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Medicaid MC moves from its "gatekeeper" reputation
In previous years, there was a widespread perception that the reason managed care was cost-effective was that services were restricted, according to Alice R. Lind, RN, MPH, senior clinical officer at the Center for Health Care Strategies (CHCS) in Hamilton, NJ. This was a largely undeserved reputation, she says, but it worked against managed care expansion.
"It's taken a long time to make the case that managed care is able to assist people in both getting the right preventive care as well as coordinating care more effectively," says Ms. Lind. "That can lower costs without providers in any gatekeeping role."
California Medicaid sees managed care expansion for its Seniors and Persons with Disabilities (SPD) beneficiaries as a way to improve quality and access while containing cost growth, says Ms. Lind. Managed care clients will be in a health home, with better coordination of services and one person to call for health care needs, she says, whether a primary care physician or care manager.
The rates that California Medicaid is proposing to pay the managed care plans assume a reduction in emergency room and hospital use, adds Ms. Lind. The health plans and the Department of Health Care Services discussed this back and forth, she says.
"Plans initially took a look at those rates and said that they cannot achieve changes in behavior on the very first day of enrollment," says Ms. Lind. "But the plans are very comfortable assuming those changes will happen over time."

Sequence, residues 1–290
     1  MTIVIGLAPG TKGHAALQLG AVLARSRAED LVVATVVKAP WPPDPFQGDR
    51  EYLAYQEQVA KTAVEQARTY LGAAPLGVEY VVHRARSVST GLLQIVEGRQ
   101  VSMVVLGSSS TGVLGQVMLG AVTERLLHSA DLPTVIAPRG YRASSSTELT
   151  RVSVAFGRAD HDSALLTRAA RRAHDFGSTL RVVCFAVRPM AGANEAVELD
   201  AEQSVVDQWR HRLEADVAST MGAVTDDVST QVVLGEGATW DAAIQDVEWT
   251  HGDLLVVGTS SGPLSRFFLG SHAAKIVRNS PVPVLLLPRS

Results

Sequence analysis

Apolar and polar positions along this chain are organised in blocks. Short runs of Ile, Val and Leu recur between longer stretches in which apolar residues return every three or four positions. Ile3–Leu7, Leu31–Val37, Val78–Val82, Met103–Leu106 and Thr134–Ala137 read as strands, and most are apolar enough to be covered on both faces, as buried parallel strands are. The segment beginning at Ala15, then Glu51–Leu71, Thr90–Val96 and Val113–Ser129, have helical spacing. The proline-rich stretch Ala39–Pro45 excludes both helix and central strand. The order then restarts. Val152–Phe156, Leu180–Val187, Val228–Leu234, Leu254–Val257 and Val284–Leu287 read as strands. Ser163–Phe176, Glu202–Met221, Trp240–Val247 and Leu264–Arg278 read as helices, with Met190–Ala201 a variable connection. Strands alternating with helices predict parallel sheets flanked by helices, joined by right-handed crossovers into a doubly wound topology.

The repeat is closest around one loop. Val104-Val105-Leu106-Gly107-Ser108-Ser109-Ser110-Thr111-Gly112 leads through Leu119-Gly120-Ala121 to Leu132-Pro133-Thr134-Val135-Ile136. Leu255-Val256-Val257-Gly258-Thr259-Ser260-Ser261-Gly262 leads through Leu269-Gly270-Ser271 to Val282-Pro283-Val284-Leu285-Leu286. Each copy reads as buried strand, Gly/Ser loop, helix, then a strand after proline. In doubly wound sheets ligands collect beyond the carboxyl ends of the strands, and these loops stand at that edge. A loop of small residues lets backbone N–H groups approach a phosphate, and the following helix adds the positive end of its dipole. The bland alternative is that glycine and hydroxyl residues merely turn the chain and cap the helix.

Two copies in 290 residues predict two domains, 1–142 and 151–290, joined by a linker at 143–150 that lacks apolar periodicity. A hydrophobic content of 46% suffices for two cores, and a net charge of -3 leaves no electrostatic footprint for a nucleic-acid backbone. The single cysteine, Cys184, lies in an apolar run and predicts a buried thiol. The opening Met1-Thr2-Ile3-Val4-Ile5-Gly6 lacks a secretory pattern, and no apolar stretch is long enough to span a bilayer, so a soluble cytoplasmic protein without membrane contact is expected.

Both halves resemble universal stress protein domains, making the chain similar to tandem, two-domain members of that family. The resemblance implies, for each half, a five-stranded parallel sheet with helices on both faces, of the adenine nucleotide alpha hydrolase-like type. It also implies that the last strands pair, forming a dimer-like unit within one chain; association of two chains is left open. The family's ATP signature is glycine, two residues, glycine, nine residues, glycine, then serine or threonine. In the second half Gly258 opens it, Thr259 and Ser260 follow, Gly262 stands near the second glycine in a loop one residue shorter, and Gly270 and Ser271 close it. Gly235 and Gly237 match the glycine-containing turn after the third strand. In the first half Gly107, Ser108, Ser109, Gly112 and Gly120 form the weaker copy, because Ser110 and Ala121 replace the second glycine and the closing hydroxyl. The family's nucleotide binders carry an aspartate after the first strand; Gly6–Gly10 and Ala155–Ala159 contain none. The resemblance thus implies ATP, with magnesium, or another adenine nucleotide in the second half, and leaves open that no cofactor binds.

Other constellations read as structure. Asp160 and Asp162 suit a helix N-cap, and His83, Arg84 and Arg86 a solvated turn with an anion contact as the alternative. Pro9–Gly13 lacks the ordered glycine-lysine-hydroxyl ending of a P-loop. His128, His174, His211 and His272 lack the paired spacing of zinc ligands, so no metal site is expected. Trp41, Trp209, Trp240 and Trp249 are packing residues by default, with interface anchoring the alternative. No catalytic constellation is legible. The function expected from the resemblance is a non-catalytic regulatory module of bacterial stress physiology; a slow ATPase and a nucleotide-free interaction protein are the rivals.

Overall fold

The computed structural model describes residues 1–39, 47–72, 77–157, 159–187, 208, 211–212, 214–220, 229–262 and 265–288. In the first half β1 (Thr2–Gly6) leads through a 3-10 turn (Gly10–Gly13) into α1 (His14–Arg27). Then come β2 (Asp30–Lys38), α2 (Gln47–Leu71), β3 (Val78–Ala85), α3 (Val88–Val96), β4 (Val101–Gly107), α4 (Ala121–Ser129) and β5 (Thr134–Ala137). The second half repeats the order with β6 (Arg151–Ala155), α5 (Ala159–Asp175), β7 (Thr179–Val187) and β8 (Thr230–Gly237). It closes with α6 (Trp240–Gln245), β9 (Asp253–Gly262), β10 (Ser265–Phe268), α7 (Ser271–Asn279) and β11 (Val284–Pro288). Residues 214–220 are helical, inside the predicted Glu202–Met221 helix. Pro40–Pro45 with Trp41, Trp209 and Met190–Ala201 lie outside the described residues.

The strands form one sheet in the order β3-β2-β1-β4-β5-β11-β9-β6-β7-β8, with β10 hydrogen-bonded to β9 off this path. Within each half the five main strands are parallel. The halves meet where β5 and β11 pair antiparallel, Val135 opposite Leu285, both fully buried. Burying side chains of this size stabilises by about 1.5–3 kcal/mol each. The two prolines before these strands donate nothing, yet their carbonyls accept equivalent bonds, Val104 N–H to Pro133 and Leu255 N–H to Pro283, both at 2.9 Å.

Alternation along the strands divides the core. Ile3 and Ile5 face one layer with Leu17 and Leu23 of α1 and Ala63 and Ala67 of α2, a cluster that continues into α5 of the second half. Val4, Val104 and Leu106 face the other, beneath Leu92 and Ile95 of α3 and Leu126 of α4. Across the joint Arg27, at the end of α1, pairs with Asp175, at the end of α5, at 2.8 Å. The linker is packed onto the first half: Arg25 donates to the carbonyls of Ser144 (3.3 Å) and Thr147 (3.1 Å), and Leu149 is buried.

Access is an issue
For a subset of the SPD population with rare conditions, there may not be a single health plan that contracts with all the subspecialty providers that the individual needs, says Ms. Lind. Also, many SPD beneficiaries will have anywhere from three to nine different conditions, she adds.
"Finding the right set of providers who can see them for a broad range of conditions can be a challenge," she says.
Over time, in Medicaid programs across the country, managed care has moved away from the gatekeeper role that used to be assigned to the primary care provider, adds Ms. Lind.
"When states first started using managed care for the [Temporary Assistance for Needy Families] population, you would have to clear it through the primary care provider for every single referral," she says. "That doesn't work for this population with chronic and complex needs."
This is because seniors and adults with disabilities typically have long-standing relationships with an array of providers, says Ms. Lind, so it is no longer in the health plan's interest to require referrals. "The main thing that advocates and clients worry about is access to care," she says.